[Date Prev][Date Next] [Chronological] [Thread] [Top]

Re: Goofy RedHat Problem

--On Tuesday, July 06, 2004 2:09 PM -0400 John Klein <zarkon@law.harvard.edu> wrote:

Sure. And, in fact, I've stuck things like exim and pine versions in from
source on Debian before. But the whole point of having a tool like apt in
the first place is that you should be able to use it to install software
automatically for you, and it's likely that some percentage of users is
going to be uncomfortable with installing things from source (that being
the segment of the userbase that such tools are trying to reach). Plus
there's the support issue which other folks have brought up - if you're
paying Redhat Corp some number of medium-to-large size bucks to look at
your machine for you when it explodes, you don't want them to shake their
heads in disapproval and blame your non-standard OpenLDAP source version
(which they will happily do whether it has anything to do with the
problem or not). And, of course, you now are allocating extra storage for
no good reason, building new things which rely upon outdated libraries
(that is, the other packages), instituting two upgrade procedures instead
of one to account for your source version, etc.

I guess what I'm saying is that the availability of source versions does
not remove the obligation of package maintainers to keep things up to
date (obviously this particular bit applies less to Debian, since the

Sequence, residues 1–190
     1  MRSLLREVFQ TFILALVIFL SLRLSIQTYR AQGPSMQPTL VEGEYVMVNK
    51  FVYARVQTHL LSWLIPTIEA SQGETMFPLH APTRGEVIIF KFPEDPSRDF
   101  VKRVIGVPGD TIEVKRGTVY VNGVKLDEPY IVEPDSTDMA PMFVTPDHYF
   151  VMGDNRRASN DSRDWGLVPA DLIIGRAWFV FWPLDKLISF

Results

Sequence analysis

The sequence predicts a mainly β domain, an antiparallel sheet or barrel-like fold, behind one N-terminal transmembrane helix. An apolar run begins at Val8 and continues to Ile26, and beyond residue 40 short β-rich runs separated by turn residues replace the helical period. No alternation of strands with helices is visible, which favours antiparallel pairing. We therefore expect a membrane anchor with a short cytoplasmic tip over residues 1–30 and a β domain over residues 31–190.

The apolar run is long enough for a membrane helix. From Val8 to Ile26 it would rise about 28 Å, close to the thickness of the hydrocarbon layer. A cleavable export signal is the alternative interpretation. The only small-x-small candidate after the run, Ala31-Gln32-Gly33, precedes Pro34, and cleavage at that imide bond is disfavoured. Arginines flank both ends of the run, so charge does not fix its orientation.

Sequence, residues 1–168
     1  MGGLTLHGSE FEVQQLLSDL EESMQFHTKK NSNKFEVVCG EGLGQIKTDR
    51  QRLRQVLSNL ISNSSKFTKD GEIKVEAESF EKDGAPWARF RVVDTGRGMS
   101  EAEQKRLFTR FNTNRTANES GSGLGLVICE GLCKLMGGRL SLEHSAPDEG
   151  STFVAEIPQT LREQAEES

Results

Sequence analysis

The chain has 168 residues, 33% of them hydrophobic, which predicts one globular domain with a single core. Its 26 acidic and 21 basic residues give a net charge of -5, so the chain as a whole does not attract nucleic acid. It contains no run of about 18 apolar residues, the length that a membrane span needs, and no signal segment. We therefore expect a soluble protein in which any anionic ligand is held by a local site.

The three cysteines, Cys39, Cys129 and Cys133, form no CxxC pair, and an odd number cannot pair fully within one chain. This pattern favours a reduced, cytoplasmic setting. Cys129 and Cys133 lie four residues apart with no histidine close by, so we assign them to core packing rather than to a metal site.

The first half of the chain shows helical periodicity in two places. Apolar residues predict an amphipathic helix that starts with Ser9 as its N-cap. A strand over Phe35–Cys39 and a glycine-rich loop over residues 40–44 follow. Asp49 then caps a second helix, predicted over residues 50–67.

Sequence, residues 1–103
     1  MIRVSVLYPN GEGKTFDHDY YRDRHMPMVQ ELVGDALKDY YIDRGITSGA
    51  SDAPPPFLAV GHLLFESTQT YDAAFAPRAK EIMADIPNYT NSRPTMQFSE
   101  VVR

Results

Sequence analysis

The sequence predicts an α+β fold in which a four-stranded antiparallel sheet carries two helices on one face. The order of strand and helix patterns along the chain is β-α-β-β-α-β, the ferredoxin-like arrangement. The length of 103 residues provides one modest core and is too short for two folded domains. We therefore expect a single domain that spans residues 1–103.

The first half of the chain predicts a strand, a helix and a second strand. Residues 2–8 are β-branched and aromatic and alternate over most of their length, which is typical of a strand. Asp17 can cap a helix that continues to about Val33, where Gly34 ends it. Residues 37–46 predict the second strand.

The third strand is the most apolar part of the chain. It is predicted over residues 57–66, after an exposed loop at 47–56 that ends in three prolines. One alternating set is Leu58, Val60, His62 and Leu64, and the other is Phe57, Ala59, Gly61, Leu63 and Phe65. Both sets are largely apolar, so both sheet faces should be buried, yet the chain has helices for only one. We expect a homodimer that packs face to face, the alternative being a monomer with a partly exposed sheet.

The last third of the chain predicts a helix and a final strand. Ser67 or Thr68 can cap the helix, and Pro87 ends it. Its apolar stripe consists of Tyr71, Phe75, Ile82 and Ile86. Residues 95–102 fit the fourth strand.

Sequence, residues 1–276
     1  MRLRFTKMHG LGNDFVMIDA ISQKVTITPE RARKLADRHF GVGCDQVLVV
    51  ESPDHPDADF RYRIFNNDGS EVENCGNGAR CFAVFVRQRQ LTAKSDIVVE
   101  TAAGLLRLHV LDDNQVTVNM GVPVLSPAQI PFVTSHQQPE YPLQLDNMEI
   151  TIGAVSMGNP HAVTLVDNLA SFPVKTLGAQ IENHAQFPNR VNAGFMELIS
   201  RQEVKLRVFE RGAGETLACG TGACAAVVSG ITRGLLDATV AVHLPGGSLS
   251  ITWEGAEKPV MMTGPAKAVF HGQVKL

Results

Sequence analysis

maintainers are volunteers). And that people should be open to
investigating alternate distributions which may be less... mmm...
problematic in general, rather than patching over the problems in
existing distributions with source.

Not at all. The systems libraries have not been mucked with, and I would certainly expect RedHat to fully support any *system* issues that arise. I would not expect them to support the *application* issues that could arise from me running OpenLDAP 2.2 as an application on that server. What you're saying is about the same as saying that I should only ever run what gets installed on the system, and never install anything else. That's simply moronic. What if I install oracle? OMG! That might conflict with the MySQL version that came with RedHat. Or what if I install Apache 2?! God forgid! And, worst of all, we install OpenLDAP on our Solaris servers! Not iPlanet! Give me a break. We build, compile, and install hundreds of different pieces of software on a regular basis. I've never had issues with Sun or RedHat in getting support on those systems, even though we've added software to those systems that didn't come with them. As long as you don't muck with the default system installed pieces, they don't care. That's because they understand the difference between "Operating Systems" and "Applications". Tools like "apt" are great when the packages for an installation are maintained, but the sad fact they seldom are. I'm not going to keep my user base in the dark ages because distro's are unable to keep up with the rapid changes in software that occur elsewhere.

You are correct that some people are not comfortable compiling software on their own. If that is the case, then they shouldn't be administrating a directory service, since it will invariable take some capability to download software, install patches, etc. Nothing of what I wrote said to patch over problems in an existing distribution with source. What I said was, if you are going to run an application, and you want to make sure it is up to date, then install it in a separate location from what came with the distribution. You keep your support for the OS, and you get to get your work done.


-- Quanah Gibson-Mount Principal Software Developer ITSS/Shared Services Stanford University GnuPG Public Key: http://www.stanford.edu/~quanah/pgp.html